BOWHUNTING ACCURACY

Silencing Your Bow

by Jason R. Snavely


Contrary to the belief of most archery hunters, speed will not compensate for a loud bow.

Modern bowhunters are rapidly jumping on the band wagon and buying bows that are fast. Unfortunately, these bowhunters are overlooking the noise factor. Speed versus noise has been one of the many heated topics in the bowhunting world over the past few years.

I am hear to tell you, regardless of bow speed, Big Game animals will always hear the twang of a bow before an arrow penetrates the "boiler room".

Contrary to popular belief, it is virtually impossible to shoot an arrow from a bow fast enough to beat the acute hearing of an animal such as the whitetail deer.

Most modern bowhunters fail to educate themselves, therfore they are unaware of the keen hearing and amazingly quick reflexes of Big Game. An average whitetail buck has a vital kill zone of eight inches. Therefore the deer needs to move only four inches to put a damper on a successful hunt.

An alarmed whitetail is capable of moving more than four inches at the twang of a bowstring. In fact, through slow-motion video tape, it has been proven that an alert buck is capable of moving 12 to 24 inches to escape an arrow.

Let us logic this matter out. Some modern bows are shooting 300 feet per second. Sound travels at about 1100 feet per second--nearly four times faster than a quick, modern bow. According to neurologists, an arrow must travel at a velocity of 750 feet per second to make contact before any Big Game animal can drop, jump or twirl out of the way of a perfect shot. This popular phenomenon is known in the archery hunting world as "string jumping".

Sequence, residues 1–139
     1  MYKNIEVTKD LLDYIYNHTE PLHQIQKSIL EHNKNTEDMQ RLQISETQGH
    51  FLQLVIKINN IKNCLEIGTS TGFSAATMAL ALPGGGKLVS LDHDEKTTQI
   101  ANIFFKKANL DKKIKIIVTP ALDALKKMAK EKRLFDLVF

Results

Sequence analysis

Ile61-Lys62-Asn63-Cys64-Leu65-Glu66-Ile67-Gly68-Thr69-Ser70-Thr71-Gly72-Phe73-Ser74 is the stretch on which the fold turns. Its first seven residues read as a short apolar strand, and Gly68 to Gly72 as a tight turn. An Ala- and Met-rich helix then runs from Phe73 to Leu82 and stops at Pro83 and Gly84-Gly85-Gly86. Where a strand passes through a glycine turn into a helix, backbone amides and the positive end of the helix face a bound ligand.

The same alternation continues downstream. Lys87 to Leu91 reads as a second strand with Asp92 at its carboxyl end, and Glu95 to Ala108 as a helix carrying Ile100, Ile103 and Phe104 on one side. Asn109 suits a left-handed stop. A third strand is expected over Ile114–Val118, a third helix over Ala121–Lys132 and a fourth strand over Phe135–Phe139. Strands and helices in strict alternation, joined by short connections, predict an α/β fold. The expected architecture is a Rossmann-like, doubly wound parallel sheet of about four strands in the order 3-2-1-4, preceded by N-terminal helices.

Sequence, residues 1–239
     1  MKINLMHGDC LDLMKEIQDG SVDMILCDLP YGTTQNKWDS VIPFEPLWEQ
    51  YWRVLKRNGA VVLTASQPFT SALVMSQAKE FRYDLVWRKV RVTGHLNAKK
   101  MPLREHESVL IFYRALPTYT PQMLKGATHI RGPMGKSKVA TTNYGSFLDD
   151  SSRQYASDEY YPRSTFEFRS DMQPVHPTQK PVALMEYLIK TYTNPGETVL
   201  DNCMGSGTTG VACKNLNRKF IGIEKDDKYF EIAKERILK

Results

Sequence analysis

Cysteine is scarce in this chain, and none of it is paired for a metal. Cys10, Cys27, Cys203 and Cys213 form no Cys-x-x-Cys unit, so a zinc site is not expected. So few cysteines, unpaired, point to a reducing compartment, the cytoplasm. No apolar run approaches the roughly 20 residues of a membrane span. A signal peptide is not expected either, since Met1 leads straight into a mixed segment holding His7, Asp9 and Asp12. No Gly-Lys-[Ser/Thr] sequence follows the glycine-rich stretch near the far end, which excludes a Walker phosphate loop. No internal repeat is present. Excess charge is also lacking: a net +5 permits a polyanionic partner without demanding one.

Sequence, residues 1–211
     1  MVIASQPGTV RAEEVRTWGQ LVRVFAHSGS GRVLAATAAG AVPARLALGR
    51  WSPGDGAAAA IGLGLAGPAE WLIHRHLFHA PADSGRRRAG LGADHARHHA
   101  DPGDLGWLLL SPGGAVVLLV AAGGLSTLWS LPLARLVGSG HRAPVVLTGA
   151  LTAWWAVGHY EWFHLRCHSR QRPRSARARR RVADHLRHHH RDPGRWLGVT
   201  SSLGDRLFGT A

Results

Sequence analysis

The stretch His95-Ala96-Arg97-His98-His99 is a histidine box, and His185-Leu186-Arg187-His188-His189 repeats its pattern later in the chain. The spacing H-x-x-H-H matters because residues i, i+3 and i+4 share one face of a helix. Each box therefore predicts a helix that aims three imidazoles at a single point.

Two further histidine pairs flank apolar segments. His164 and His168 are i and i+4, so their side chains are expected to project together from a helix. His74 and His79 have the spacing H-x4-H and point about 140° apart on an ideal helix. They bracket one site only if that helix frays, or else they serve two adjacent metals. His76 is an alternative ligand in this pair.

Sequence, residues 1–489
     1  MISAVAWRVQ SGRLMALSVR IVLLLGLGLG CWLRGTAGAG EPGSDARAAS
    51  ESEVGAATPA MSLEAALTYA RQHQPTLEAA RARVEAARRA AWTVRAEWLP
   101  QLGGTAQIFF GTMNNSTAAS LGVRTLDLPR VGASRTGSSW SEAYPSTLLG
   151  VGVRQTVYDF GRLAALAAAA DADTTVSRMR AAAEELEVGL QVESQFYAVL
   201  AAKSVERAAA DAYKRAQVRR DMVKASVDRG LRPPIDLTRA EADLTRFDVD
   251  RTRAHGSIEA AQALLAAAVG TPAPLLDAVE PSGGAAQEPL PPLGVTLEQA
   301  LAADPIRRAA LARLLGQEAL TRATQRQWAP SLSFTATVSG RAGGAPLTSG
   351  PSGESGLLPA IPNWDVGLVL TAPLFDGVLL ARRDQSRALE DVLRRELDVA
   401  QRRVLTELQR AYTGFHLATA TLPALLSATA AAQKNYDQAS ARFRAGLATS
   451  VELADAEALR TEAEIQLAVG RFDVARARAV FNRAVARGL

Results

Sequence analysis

String jumping is an archers worst nightmare. Arrow speed in itself will not combat string jumping.

Using a good stabilizer is often overlooked. A good rubber-loaded or hydraulic stabilizer system will absorb bow noise drastically. Always make sure a stabilizer is the perfect weight. A stabilizer should cause the bow to sit straight up and down in your extended hand. This will drastically decrease muscle tension. Muscle tension will throw off your accuracy.

Don't ever shoot at a Big Game animal that has it's ears forward in a cup-like position. It is not reccommended that a bowhunter takes a shot if an animals radar is bearing down. It is also important to shoot when an animals muscles are relaxed, not tense. It is wise to wait (sometimes hard to do) for the animal to feed or become pre-occupied with another animal.

Make sure sleeves and other clothing are completely out of the way of the bowstring. A string that is intercepted by a sleeve will make a loud whack. The collision of a bowstring and hunting clothes will cause an arrow to hit left or right. An arm guard will often pull a sleeve out of the way.

When practicing on the backyard 3-D, I wear the actual clothes that I plan to wear hunting. I realize it may be an inconvenience sometimes, however it will pay off in the long run.

String silencers will also help to dampen the vibration of a bowstring. You should attach string silencers at both ends of the bowstring. Keep in mind, the closer to the middle of the string, the more inertia the string must overcome. I attach my string silencers about six inches from each end. Silencers made of rubber filaments or fleece will often work well. Some bowhunters simply use skirts from bass plugs.

Always be sure to check arrow rest screws. Coat the prongs of a metal arrow rest, such as the TM Hunter, with rubber tubing. Using rubber on a metal arrow rest eliminates the sliding noise that tends to inform everything in the woods of an archers presence. Rubber tubing is put on by melting it around the prongs with a lighter. I suggest putting the rubber on closer to the season. Shooting during off season will rapidly wear it down.

Most importantly, always check for loose sight pins or screws. A zing of a loose sight pin will always put a deer's belly to the ground and tail in the air. Screws tend to rattle loose if they are not occasionally tightened. Make sure all quiver attatchments are tight. I prefer to use a hip quiver that I strap around the tree when I am in my tree stand.

Silencing your hunting bow for the upcoming season is not time consuming, it is smart. A quiet hunting bow consists a of solid noise dampering system. Let's face it, arrow speed alone will not combat string jumping. With a quiet and accurate bow you will have one heck of a season!

Good luck and good bowhunting!

Jason R. Snavely

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